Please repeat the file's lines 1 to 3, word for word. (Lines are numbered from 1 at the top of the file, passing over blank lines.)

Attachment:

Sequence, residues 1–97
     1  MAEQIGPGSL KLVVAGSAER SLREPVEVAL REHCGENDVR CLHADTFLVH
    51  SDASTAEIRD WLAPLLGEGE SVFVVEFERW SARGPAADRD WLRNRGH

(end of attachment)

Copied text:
Sequence, residues 1–97
     1  MAEQIGPGSL KLVVAGSAER SLREPVEVAL REHCGENDVR CLHADTFLVH
    51  SDASTAEIRD WLAPLLGEGE SVFVVEFERW SARGPAADRD WLRNRGH